Regarding Beautiful Hunting Rifles

It's not at all surprising how passionate a topic this can be to some. I have a couple of beauties, but only a couple of expensive guns. I won't have a weapon that I am unwilling to have in the field, with all the risks that come with that. My Benelli was very pricey, but it has a few dings in it. I don't like it, but like my skill saw, I use it, and it happens.

The feel of walnut with etched grips, even with the weight, is paradise to me. I hope to have loved, dinged, tested and proven guns to hand down to the kids. I already gave them the synthetic stock ones.

Hunt on, gentlemen. Love the pics. Keep them coming.
I appreciate beauty, and wood, and nature, and hand craftsmanship, and fine craftsmanship, and nostalgia, and quality, and I despise the “throw away and replace” type mentality that is overcoming us these days BUT, when I’m hunting, I need my rifle to go where I need to go and do what I need it to do, and I may need to set it down in a rocky area to adjust my pack or grab a snack, or I may need to go through brush, or it may rain on me and I might not get back to the truck for 3-5 days. It’s not as pretty, but for getting the job done, AND for ease of repairing cosmetic issues, stainless steel and fiberglass just can’t be beaten.

My wife’s Sako L-579 Delux that my grandpa gave me is scratched to heck. Why? Because I figured he’d rather I used it that left it in the closet.
When the weather is dry, I hunt with my blue and walnut rifles. When it is lousy, which means WET, I hunt with one of my stainless synthetic stocked rifles. When really cold, that equals dry, I also go with blue and walnut.

With full retirement I have moved to and live right in big game country, and I no longer sleep out. It takes me from half an hour to an hour to be actually hunting for either deer or elk. I get up and hunt, mornings only. Meat recovery where I live is too compromised by large predators for the evening hunt.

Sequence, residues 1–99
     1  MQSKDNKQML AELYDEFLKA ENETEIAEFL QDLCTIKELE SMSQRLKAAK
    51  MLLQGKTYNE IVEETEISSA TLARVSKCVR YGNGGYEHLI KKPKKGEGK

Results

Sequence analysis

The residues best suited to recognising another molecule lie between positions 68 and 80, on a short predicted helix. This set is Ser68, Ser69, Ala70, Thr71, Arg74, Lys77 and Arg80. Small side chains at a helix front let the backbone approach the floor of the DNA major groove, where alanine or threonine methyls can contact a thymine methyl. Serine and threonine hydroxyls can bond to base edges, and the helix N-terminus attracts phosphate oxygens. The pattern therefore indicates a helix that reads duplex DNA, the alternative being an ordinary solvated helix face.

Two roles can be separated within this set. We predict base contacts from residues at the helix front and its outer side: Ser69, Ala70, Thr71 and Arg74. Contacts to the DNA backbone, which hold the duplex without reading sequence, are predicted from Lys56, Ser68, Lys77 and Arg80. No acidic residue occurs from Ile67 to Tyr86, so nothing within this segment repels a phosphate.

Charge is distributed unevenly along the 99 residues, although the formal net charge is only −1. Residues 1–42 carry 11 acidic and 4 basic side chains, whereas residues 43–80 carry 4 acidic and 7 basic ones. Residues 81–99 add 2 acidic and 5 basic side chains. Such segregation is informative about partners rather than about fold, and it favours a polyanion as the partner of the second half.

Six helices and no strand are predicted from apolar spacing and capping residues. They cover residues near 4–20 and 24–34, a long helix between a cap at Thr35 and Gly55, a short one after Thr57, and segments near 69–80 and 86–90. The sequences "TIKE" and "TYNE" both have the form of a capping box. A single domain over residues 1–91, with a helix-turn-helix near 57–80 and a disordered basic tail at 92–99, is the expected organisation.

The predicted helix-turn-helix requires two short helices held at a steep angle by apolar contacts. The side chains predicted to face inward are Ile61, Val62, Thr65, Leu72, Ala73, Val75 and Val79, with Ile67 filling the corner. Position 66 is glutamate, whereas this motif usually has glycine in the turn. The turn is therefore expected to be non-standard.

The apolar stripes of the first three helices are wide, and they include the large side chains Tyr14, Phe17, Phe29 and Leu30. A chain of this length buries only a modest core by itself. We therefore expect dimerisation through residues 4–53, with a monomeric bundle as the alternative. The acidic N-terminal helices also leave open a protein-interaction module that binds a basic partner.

I confess that the weight of a rifle has become a big issue now that I am 74, especially when i think about steep country and meat recovery.

All this said, I have a cow elk season coming up mid-November till mid-December. I am committed to using my old pre 64 model 70 in .270 and my Belgium Browning 30-06 on better weather days.

I have been hunting alone for the past several years. All my old hunting partners have aged out.

I have horses but to tell you the truth, there are so many hunting with horses the advantage has gotten slimmer. The back country is too crowded.

I have a few fine honey holes, but they are so steep. What I have arranged is group of several hunters who no longer hunt, who I can send an "In Reach" message to when I get an elk down. They will come and together we will field butcher the elk and they will keep half the meat they carry out.

I want my last hunts to be with lovely old rifles that I have had since my youth not high-tech plastic stocked firearms,,,,if possible.
After several years of use, I’ve gotten weary of my Kimber Hunter 280 AI. To me it has no eye or hand appeal. Molded plastic stock including the trigger guard. No bottom metal, just a half plastic magazine with no floor plate.

At the range the other day, a young man had two rifles. One was the cheapest imaginable new bolt action and the other was an expensive tricked out AR clone with a scope that looked capable of exploring the heavens.

He had no rifle of beauty, to hunt with. Poor fellow!

A rifle can be much more than a mere tool like a wrench. How important is it to have a wood stock? How important is hand cut checkering? Remington, Ruger and new Winchesters went with stamped then machine cut checkering.

Lacking the hands-on human workmanship in both wood and metal details, can a rifle really be beautiful? What about the artistic receiver stamping like the one on a Husqvarna which says, Made in Sweden?

A wood stock cannot be molded. It takes a lot of work to fit it in an action with details, like a double stepped barrel on a Safari grade Browning or the barrel swells on old Winchesters to carry African style dangerous game leaf sights.

Anybody else value such things?
Ever seen a Dick Bortmus rifle? Stunning! Saw a custom stocked Rem 600 once also that blew my mind!
A gun is a tool. It should be balanced and functional, just like a good pair of boots. But, it has no soul and no karma. It’s a device that serves a purpose.

Now hunting dogs, they have soul
A strange thing. A hammer is a tool also but many of us have a certain one we like. I'm into wooden handle hammer's! Have a 28oz framer, 24oz framer, 20oz siding and several 16oz finish hammers. Don'tr care for steel handles or fiberglas handles. Couldn't tell you why!